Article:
Wait… Who Actually Was Buffalo Bill?

The Aspire Team
February 22, 2024

First things first – yes, Buffalo Bill was a very real person. Undoubtedly, his name is familiar, but do you know anything about this Wild West icon? If we’ve sparked your curiosity, read on.

Born 176 years ago on February 26, 1846, William Frederick Cody, more commonly known as Buffalo Bill, was a showman, an entrepreneur, a sharpshooter, and a symbol of all things American West. 

Buffalo Bill made his name in the West but was born a bit further east in Le Claire, Iowa. His early years were marked by hardship and adventure: at just eleven years old, he took on the responsibility of providing for his family after his father's death. At just 11, in 1857, he worked as a rider for the Pony Express. 

Since Cody was a great shot from a young age, under his contract, he was tasked with providing Kansas Pacific Railroad workers with bison, often incorrectly referred to as buffalo (of which there are none in North America) to eat. Young William Cody killed a whopping 4,282 bison in just eighteen months, earning himself the nickname "Buffalo Bill."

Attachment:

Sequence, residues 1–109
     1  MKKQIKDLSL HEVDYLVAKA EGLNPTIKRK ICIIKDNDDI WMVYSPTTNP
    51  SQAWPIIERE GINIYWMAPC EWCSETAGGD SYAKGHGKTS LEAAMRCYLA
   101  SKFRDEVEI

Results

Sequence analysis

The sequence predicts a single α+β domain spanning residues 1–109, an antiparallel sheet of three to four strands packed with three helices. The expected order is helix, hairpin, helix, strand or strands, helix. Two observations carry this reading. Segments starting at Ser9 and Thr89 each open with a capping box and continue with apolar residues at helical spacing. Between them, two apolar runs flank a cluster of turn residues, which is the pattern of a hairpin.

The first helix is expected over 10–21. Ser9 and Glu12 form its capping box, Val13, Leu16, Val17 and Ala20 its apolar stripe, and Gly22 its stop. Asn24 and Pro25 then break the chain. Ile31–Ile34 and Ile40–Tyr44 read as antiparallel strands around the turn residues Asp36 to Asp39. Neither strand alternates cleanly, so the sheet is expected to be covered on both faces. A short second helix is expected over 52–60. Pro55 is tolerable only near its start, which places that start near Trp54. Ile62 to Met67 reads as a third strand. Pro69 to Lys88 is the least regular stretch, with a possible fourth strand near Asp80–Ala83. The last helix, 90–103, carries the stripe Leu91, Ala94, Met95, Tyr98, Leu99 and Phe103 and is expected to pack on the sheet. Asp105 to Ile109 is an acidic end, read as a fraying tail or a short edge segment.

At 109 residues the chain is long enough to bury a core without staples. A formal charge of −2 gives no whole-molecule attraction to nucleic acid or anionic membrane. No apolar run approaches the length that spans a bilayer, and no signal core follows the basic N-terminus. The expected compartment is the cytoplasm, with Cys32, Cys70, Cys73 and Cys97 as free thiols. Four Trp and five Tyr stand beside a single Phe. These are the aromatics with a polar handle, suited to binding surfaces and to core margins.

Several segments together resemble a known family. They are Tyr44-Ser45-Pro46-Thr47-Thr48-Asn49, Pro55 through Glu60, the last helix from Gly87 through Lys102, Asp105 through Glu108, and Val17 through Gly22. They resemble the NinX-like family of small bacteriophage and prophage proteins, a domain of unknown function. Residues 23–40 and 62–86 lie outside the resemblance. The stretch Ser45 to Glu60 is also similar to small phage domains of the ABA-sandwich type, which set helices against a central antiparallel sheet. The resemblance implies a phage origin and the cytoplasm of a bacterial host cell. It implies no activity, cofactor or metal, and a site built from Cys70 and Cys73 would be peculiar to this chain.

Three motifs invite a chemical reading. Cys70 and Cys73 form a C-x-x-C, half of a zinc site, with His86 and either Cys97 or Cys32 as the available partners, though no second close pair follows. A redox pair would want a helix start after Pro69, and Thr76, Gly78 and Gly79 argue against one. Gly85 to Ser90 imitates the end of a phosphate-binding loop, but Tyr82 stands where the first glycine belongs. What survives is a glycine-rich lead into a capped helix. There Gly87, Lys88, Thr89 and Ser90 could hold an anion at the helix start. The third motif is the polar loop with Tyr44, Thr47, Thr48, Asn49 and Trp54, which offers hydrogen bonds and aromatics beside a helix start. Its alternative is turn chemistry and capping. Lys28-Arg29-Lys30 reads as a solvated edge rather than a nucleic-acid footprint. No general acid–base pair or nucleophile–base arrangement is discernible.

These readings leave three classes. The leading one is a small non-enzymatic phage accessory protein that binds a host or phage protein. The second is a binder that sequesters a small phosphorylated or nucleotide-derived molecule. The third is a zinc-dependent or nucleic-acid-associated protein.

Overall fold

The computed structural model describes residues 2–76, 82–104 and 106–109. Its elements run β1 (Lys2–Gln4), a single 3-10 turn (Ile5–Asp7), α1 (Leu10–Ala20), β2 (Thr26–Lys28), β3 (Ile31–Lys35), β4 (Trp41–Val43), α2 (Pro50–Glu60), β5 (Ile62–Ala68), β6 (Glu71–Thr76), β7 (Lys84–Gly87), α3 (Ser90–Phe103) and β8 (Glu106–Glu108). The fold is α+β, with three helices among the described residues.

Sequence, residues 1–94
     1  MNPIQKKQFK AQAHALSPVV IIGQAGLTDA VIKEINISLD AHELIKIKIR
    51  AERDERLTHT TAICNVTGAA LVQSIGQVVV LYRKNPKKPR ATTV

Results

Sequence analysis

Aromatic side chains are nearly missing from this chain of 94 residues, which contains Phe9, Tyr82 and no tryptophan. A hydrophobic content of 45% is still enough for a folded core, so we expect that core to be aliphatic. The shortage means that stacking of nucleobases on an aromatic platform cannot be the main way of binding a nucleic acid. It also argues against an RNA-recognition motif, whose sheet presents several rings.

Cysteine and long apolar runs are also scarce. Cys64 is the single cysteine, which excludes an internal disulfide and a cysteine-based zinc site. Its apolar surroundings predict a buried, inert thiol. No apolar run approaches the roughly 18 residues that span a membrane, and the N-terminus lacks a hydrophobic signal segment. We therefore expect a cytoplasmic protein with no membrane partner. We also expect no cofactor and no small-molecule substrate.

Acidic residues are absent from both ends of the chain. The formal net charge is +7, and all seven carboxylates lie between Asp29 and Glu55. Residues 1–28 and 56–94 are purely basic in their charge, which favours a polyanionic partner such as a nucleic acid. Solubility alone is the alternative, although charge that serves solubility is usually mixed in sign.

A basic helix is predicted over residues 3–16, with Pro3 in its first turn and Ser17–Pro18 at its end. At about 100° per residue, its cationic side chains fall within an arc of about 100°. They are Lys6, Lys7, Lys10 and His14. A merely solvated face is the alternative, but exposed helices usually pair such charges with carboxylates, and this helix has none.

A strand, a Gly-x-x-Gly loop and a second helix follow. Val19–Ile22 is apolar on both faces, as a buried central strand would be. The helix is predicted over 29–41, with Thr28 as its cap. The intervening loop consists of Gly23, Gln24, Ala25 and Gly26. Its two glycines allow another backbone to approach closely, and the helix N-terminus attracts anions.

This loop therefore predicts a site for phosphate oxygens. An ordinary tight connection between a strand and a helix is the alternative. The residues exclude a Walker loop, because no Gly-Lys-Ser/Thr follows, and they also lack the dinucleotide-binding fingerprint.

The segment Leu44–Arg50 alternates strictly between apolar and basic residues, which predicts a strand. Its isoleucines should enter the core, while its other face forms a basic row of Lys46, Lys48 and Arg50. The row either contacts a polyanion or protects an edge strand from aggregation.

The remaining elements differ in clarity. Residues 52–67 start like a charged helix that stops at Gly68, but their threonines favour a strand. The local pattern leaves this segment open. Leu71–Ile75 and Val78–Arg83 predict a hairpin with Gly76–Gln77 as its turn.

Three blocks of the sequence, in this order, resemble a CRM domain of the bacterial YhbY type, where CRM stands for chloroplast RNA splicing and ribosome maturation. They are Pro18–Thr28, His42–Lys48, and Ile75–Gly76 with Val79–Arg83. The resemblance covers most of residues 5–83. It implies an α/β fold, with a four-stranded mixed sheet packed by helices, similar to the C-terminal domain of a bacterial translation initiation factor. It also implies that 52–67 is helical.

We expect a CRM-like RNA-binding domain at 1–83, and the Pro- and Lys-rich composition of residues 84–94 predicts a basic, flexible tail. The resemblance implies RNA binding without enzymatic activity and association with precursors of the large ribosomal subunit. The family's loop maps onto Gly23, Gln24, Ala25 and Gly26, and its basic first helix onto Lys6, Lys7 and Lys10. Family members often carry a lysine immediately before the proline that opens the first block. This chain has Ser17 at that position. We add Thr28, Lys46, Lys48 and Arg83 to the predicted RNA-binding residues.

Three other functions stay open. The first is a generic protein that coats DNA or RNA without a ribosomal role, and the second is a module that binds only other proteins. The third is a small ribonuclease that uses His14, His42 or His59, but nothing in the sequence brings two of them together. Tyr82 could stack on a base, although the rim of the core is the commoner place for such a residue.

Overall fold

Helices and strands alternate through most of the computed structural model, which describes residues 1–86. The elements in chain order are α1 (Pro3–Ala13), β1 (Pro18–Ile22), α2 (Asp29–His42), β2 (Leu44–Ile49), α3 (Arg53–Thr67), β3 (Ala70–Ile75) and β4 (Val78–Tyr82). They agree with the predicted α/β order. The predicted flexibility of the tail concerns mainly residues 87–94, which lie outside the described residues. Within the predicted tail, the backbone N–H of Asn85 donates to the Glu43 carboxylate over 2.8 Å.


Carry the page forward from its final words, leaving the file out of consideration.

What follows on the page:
Shortly after, in 1959, Buffalo Bill made his way to Colorado for the first time as part of the Pikes Peak Gold Rush. He ventured to the towns of Cripple Creek and Black Hawk where he was unsuccessful in his search for gold. For his next adventure, in 1861, Cody joined the army as a Union scout during the Civil War, and his legend began to take shape. His talents as a scout, tracker, and fighter earned him widespread acclaim and the Medal of Honor.